Hwy 25/156 roundabout included in $1.4 billion California transportation allocation

$12 million will go toward improving safety at the Hollister intersection.

Editor’s note: this article will be updated as BenitoLink receives further information such as the dimension of the roundabout


The California Transportation Commission (CTC) allocated $1.4 billion on Aug. 19 for transportation infrastructure and improvemen projects, including $12 million for a rounabout at the intersection of State route 25 and Highway 156. CTC considers Highway 156 as a major corridor for large trucks.

“California continues to make significant investments in fixing our roads, highways, bridges and transit systems,” Caltrans Director Toks Omishakin said in a press release. “SB 1 is critical to making these repairs and upgrades, while also supporting thousands of jobs that are essential for our economy.”

Caltrans project manager Brandy Rider said with funding in place, Caltrans will begin the bid process. She said construction is scheduled to start later this winter but factors such as weather and the bid process can delay the timeline.

“The soonest it could go out is December but it’s likely it’ll be early January,” Ryder said.

Caltrans is constructing the roundabout in an effort to “reduce the number of and severity of collissions,” according to the funding list document.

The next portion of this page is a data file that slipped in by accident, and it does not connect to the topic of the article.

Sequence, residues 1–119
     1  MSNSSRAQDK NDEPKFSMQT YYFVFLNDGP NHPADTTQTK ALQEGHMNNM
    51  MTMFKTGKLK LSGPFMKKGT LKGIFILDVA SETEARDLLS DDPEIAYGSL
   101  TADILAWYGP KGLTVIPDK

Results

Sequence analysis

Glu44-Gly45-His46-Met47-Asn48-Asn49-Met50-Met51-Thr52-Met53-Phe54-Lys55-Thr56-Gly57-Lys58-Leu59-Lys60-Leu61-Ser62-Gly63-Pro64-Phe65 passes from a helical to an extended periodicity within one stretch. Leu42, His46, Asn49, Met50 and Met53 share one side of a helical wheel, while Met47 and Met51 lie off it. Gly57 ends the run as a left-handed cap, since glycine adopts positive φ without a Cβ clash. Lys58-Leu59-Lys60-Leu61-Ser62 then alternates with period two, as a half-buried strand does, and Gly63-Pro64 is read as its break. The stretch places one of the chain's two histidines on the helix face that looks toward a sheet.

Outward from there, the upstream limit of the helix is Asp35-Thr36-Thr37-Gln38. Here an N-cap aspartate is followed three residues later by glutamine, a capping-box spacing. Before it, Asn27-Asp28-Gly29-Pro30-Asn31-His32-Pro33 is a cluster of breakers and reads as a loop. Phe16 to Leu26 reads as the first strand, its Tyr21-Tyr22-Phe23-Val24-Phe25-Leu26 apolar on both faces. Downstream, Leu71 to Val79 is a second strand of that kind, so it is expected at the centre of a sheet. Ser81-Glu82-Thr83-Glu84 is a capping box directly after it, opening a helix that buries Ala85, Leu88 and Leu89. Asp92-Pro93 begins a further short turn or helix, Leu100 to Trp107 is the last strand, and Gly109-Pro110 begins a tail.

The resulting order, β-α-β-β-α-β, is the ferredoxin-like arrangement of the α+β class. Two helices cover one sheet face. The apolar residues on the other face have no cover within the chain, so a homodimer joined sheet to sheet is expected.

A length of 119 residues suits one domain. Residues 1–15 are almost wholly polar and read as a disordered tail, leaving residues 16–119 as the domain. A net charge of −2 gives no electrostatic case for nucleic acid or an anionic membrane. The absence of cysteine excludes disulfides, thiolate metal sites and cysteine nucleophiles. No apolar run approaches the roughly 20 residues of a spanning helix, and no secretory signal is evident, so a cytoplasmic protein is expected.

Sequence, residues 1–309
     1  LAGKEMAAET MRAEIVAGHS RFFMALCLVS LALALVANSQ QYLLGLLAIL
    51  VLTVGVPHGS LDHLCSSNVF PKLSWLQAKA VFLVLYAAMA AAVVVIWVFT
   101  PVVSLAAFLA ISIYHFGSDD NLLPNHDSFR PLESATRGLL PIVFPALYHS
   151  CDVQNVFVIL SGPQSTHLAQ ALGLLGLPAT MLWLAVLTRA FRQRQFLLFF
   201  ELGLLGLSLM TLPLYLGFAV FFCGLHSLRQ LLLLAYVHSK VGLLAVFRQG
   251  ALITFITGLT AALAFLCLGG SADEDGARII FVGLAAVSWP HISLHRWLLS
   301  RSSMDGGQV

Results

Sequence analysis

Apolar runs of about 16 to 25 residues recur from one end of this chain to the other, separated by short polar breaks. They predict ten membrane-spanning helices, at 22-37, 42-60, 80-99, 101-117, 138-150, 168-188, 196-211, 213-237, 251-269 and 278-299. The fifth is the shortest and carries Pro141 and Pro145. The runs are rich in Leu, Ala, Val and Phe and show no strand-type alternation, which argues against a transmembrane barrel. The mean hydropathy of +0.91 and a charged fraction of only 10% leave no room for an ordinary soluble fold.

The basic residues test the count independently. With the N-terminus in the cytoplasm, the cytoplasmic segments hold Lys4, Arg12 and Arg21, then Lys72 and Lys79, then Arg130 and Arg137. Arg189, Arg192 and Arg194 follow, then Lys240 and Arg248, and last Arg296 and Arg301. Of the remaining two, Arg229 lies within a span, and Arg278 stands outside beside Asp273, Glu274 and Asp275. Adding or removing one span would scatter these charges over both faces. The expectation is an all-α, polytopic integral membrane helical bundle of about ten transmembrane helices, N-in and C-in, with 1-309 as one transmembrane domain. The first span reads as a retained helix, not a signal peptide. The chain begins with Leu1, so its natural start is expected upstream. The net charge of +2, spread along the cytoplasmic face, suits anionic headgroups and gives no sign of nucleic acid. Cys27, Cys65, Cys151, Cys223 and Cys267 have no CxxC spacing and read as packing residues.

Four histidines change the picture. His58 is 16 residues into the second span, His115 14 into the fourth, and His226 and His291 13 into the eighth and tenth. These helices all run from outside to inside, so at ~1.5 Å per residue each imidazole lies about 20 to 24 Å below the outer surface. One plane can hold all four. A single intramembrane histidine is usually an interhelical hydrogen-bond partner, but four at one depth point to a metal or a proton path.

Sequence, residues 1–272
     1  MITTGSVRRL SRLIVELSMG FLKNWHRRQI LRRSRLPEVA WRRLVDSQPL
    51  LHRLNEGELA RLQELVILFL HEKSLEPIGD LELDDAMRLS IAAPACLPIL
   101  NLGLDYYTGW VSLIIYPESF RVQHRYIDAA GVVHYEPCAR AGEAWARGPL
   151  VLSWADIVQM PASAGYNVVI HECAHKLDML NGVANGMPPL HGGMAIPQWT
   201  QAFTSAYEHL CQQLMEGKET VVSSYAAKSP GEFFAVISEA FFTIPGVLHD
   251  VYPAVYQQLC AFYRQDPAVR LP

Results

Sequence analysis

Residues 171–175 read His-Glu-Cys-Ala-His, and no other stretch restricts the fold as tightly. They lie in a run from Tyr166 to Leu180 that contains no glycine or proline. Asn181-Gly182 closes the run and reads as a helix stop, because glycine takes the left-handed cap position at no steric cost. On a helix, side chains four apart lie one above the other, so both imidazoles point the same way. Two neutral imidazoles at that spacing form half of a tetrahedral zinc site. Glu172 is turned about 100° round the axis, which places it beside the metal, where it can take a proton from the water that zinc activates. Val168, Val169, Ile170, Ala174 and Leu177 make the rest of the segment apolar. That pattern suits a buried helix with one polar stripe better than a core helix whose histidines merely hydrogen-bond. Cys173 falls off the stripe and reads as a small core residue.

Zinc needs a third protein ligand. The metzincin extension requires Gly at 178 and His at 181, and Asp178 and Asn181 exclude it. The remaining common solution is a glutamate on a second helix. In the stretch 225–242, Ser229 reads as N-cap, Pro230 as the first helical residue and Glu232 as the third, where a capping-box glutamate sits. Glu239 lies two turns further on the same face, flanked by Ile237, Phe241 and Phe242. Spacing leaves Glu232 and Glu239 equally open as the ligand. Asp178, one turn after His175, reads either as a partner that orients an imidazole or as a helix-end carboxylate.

According to the release, over half of the funds, $884 million, come from Senate Bill (SB) 1, the Road Repair and Accountability Act of 2017.

Other projects that received funding include:

  • $8 million for a pavement rehabilitation project on Hwy. 68 near Pacific Grove and Monterey. Project will extend the pavement service life of the roadway and improve safety and ride quality, and facilities will be upgraded to ADA standards.
  • $3 million for project on Hwy. 9 near Brookdale in Santa Cruz County to construct viaduct extension, retaining wall, roadway restoration, and establishment of permanent erosion control.

Active Transportation Projects approved include:

  • $290,000 for the City of Santa Barbara to install 0.65 miles of new Class II buffered bike lanes as well as curb extensions at six intersections and 210-feet of sidewalk infill to improve safety for cyclists and pedestrians at Upper De La Vina Street.
  • $647,000 for the City of Watsonville for bike and pedestrian safety education as part of the Safer Access to Pájaro Valley High School and Beyond. Includes commitment over a 4-year period for engagement to inspire, educate, and activate community members to use active transportation.

The statement pointed out, ” SB 1 provides $5 billion in transportation funding annually split between the state and local agencies. Road projects progress through construction phases more quickly based on the availability of SB 1 funds, including projects that are partially funded by SB 1.”

The public can learn more about other transportation projects funded by SB 1, by visiting




BenitoLink Staff